The Westminster Larger Catechism can be a helpful tool when teaching our children the Ten Commandments. This catechism (which is simply a teaching tool in a question-and-answer format) was written by godly men and church leaders in the 17th century as an aid to teaching congregants the basic doctrines and beliefs of the faith. The language is a bit difficult, but taking the time to unravel the older English will foster a fuller understanding of the commandments.
According to the Westminster Larger Catechism’s teaching on the Ten Commandments, the duties required in the sixth commandment are (quoted directly, except for parentheses):
- All careful studies, and lawful endeavors, to preserve the life of ourselves and others by resisting all thoughts and purposes, subduing all passions, and avoiding all occasions, temptations, and practices, which tend to the unjust taking away the life of any
- By just defense thereof against violence, patient bearing of the hand of God, quietness of mind, cheerfulness of spirit
- A sober use of meat, drink, physic (medicine), sleep, labor, and recreations
- By charitable thoughts, love, compassion, meekness, gentleness, kindness
- Peaceable, mild and courteous speeches and behavior
- Forbearance, readiness to be reconciled, patient bearing and forgiving of injuries, and requiting good for evil
- Comforting and succoring (assisting in time of distress) the distressed, and protecting and defending the innocent.
The sins forbidden in the sixth commandment are (again, quoted directly):
- All taking away the life of ourselves, or of others, except in case of public justice, lawful war, or necessary defense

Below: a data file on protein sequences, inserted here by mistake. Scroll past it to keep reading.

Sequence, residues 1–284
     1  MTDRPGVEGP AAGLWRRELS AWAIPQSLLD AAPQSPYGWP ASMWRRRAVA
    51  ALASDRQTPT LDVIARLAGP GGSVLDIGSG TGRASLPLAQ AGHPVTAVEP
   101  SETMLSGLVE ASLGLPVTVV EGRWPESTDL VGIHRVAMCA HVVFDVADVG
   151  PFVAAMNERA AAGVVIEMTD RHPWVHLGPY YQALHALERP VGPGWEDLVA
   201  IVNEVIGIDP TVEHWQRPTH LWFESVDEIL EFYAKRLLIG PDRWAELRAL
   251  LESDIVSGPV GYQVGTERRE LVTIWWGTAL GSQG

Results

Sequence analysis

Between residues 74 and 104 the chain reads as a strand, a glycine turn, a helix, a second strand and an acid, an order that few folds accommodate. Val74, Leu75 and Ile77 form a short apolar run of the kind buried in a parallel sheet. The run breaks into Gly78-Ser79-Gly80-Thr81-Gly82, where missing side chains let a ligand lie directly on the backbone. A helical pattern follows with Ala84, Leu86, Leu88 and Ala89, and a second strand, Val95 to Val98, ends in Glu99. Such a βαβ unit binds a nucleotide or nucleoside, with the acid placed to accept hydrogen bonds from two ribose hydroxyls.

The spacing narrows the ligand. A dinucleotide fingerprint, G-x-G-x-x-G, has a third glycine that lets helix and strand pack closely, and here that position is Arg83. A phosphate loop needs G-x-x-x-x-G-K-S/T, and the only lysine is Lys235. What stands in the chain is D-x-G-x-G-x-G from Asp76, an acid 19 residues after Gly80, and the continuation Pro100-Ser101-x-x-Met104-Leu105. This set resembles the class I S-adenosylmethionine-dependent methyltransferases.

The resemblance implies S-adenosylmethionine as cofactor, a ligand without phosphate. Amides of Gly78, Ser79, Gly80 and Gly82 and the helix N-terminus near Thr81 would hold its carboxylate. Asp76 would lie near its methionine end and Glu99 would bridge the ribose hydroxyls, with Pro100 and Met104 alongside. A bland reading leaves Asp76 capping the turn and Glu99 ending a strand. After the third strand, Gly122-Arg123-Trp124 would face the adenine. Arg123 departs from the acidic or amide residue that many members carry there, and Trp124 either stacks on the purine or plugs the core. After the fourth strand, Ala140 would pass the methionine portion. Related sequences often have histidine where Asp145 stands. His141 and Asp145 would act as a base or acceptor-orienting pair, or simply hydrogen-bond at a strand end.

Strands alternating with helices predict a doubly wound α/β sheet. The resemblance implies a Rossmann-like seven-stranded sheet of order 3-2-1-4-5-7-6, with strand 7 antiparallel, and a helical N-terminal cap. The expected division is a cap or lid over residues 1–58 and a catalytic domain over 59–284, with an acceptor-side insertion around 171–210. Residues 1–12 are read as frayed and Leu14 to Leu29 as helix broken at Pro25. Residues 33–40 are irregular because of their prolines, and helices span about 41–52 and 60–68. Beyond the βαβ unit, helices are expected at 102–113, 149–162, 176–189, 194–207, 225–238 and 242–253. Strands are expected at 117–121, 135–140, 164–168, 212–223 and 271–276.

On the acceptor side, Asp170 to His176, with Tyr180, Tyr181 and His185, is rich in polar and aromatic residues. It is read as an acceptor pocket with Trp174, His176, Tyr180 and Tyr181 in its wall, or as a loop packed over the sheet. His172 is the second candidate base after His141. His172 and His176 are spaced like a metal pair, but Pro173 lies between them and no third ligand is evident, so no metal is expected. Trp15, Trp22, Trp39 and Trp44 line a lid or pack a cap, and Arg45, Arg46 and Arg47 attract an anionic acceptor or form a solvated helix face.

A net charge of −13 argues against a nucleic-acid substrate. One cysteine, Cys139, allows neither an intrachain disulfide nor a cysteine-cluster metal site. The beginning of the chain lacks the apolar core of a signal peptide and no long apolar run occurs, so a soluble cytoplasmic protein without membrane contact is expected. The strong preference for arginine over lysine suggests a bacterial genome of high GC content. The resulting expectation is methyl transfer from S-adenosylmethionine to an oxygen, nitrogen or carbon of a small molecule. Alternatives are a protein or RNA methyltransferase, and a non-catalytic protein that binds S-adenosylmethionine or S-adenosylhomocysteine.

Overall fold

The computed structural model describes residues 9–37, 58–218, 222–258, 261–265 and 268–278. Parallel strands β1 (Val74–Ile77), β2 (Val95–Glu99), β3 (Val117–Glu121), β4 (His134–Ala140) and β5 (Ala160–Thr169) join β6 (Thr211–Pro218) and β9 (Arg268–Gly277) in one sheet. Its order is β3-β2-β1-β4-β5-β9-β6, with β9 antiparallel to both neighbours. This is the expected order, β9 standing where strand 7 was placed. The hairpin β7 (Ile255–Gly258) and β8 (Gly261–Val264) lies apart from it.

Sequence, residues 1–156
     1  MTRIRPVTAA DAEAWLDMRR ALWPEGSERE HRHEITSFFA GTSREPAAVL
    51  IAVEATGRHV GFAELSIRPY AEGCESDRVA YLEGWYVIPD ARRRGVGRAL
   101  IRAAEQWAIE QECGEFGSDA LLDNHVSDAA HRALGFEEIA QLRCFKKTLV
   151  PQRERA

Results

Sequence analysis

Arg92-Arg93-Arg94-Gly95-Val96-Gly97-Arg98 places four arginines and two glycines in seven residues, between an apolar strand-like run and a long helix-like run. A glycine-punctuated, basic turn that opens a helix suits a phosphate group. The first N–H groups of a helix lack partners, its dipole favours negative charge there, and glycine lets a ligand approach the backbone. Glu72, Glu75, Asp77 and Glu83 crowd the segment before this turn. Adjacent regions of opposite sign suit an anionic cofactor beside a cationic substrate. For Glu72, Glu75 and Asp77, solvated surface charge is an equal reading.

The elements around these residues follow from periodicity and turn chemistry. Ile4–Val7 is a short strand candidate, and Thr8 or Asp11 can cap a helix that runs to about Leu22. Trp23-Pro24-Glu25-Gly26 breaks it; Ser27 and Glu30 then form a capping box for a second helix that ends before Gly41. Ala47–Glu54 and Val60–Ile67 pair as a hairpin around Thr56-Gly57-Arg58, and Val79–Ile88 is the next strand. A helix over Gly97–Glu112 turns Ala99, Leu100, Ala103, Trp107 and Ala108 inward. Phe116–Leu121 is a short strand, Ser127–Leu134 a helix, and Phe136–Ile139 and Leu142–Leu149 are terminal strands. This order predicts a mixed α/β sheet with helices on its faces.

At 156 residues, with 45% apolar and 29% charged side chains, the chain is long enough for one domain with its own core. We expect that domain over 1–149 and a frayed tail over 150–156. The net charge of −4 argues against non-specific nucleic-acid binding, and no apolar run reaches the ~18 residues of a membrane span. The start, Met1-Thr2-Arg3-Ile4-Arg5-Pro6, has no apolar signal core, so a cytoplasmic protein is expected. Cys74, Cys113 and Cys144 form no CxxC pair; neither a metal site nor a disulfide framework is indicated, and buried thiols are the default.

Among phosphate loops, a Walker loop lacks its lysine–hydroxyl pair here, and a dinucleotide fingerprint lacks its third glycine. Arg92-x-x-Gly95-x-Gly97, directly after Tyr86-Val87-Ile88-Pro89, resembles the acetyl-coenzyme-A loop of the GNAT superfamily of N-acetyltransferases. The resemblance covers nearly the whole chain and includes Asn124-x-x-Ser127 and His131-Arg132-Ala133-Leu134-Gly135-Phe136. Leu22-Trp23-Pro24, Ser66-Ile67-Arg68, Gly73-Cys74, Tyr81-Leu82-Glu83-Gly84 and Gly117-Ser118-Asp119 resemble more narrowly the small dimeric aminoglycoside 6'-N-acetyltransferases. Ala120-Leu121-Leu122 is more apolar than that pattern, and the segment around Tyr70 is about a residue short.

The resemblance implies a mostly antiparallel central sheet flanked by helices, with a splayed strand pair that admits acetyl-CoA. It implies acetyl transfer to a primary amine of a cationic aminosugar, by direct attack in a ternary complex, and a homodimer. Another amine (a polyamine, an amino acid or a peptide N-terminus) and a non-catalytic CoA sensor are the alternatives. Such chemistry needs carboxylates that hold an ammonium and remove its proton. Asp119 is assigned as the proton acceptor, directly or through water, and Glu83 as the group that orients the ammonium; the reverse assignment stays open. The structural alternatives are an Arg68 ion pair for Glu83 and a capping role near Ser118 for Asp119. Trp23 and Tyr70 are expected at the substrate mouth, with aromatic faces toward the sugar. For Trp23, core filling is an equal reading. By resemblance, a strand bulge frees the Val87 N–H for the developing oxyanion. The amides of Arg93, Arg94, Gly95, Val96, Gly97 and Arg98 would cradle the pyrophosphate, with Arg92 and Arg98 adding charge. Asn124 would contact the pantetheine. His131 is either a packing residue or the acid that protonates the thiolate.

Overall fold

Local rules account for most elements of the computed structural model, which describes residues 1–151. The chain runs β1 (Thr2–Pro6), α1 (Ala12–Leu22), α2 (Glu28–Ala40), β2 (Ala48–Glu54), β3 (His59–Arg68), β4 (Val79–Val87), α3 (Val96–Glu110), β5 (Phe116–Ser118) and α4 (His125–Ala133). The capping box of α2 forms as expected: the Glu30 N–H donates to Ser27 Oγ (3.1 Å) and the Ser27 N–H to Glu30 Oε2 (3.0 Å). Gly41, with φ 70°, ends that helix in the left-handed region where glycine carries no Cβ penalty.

- The neglecting or withdrawing the lawful and necessary means of preservation of life
- Sinful anger, hatred, envy, desire of revenge
- All excessive passions, distracting cares
- Immoderate use of meat, drink, labor, and recreations
- Provoking words, oppression, quarreling, striking, wounding
- Whatsoever else tends to the destruction of the life of any
Take some time to reflect on these lists. Can you see how our children (and their parents) often break this commandment without actually killing someone? Losing one’s temper; bearing a grudge; hitting someone in anger; abusing our bodies with excessive food, drink, and even work (!); not defending the innocent (such as unborn babies or children that others make fun of), are all violations of this law that we often self-righteously think we have mastered.
Make a list of common sins in your household that relate to this commandment. Then be ready to explain to your children that they can and often do break this Sixth Commandment, even if they would never think of murdering someone.
We all do need Jesus.